K1-70, Teprotumumab, Rituximab

K1-70:   a human monoclonal autoantibody to the TSH receptor

TSH receptor pathway specifically with monoclonal antibodies, the risks and side effects are expected to be far fewer than Teprotumumab



Intravenous teprotumumab 8 injections every 3 weeks

10 mg/kg initial dose to 20 mg/kg

The 2017  NEJM study involved only 88 patients.  Patients with severe Graves orbitopathy were not examined.

SIDE EFFECTS:  Hyperglycemia

Muscle spasm, diarrhea

Thrombocyotopenia, anemia




The use of rituximab in Graves orbitopathy remains controversial.  Two randomized control studies have shown conflicting results.

Salvi http://www.ncbi.nlm.nih.gov/pubmed/25494967

Stan http://www.ncbi.nlm.nih.gov/pubmed/25343233


RITUXIMAB CONSENT                       Please initialize each blank.  **           

I understand that I have vision-threatening Graves Orbitopathy, and that the intravenous drug rituximab is being offered to me as an option / in addition,  to conventional steroids, surgery or radiation.   Rituximab is thought to work by depleting the number of the B-cells, cells of the immune system, which are important in promoting inflammation.  **            

I understand that rituximab is NOT covered by OHIP.  **             

I understand that rituximab for Graves Orbitopathy is at present off-label (company non-approved) use, although there are publications studying small numbers of Graves patients that describe the use of rituximab for vision-threatening Graves Orbitopathy.  **             

I understand that the choice to use intravenous rituximab is mine alone.  Usually 2 infusions of rituximab (500-1000 mg) are given 2 weeks apart.  Premedication with tylenol and gravol is required, and sometimes steroids.  **               

I understand that Dr. Ing is an eye doctor, and cannot manage the possible systemic complications associated with rituximab use.  The patient will have to go to the emergency room, their internist or family doctor, if any complications of treatment arise.  **                

The most common side effect of rituximab is a constellation of symptoms (fever, rigors, chills) that occur during administration of the first dose of drug. **                  

More than 80% of patients experience these side effects, and it is severe in 4-7 out of every 10,000 patients. The side effects appear only 40% of the time with the second dose of drug and decreases with subsequent doses.  Rarely anaphylaxis can occur with the 2nd dose.  **                  

Other common side effects related to rituximab are nausea, hives, fatigue, headache, itching, difficulty breathing due to bronchospasm, a sensation of swelling of the tongue or throat, runny nose, vomiting, decreased blood pressure, flushing, and pain at the site of the tumor.  **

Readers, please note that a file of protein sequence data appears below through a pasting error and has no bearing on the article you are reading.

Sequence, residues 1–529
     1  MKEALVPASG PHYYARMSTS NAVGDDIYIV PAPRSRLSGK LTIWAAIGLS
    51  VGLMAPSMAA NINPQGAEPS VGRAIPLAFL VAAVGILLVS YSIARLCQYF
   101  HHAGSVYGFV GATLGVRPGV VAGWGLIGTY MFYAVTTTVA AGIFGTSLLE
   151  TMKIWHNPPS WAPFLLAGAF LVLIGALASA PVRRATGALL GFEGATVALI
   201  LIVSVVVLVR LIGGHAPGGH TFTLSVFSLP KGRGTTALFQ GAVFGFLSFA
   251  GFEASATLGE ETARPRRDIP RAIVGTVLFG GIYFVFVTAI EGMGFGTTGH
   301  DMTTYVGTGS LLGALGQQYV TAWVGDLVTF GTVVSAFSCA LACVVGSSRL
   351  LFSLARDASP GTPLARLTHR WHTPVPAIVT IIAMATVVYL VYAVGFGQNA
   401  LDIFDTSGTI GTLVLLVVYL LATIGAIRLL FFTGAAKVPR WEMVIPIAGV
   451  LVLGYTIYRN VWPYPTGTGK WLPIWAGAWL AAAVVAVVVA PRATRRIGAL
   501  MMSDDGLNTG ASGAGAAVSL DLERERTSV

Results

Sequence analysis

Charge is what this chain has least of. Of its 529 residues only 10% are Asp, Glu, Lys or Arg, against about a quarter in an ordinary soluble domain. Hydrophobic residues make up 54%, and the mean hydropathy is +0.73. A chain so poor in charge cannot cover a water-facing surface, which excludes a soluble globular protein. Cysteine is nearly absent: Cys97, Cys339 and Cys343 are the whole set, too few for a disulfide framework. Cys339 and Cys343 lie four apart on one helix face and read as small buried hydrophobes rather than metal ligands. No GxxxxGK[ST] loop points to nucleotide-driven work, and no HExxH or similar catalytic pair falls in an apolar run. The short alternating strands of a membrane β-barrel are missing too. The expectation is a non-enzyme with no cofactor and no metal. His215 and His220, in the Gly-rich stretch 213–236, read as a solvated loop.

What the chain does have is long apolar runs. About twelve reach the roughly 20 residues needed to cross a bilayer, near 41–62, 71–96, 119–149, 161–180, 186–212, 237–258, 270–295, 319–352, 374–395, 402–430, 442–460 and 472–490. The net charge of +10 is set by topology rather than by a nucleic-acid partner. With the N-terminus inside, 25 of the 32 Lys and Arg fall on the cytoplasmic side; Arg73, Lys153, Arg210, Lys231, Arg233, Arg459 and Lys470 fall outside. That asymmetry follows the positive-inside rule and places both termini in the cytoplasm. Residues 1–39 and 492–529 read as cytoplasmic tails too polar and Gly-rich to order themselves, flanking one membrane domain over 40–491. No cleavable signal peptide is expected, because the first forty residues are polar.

Irregular heart rhythms and infection are two other rarely-occurring side effects that may be severe. The irregular heart rhythm usually begins soon after the administration of the drug, while infection may develop from 30 days to 11 months after the end of therapy.  **                    

Severe decreases in red or white blood cells and platelets may occur rarely with rituximab therapy.Generally, rituximab is avoided in the presence of active significant infections.  **                     

Nausea, vomiting, constipation, diarrhea and abdominal pain may occur.  **                    

Rituximab therapy is not recommended if there is an allergy to mice or rats since rituximab is made in mice or rats and may contain minute amounts of rat or mouse proteins that can lead to severe allergic reactions.  **                        

Some patients with severe immune deficiency run the risk of severe reactivation of previously quiescent infections, including progressive multifocal leukoencephalopathy (PML).  **                        


Patient name:                                                                          Date:                                           



After rituximab is administered FOR LYMPHOMA, (not Graves Orbitopathy) large numbers of tumor cells are immediately destroyed (lysed) and eliminated from the body. In 4-5 out of every 10,000 patients the products from the dead cells cannot be eliminated quickly enough and a syndrome called tumor lysis syndrome occurs. This is characterized by a rapid decline in kidney function and a sudden accumulation or decrease in minerals such as potassium, calcium and phosphate to dangerous levels. Tumor lysis syndrome occurs when the size of the tumor or the number of tumor cells circulating in the blood is large, usually within 12-24 hours after the first dose of rituximab. **                     
Insulin growth factor may promote orbital fibroblast activity in thyroid orbitopathy. Teprotumumab is an inhibitor of insulin growth factor.  It is a high potency, high specificity monoclonal antibody antagonist of human insulin growth factor and is being trialled in the U.S..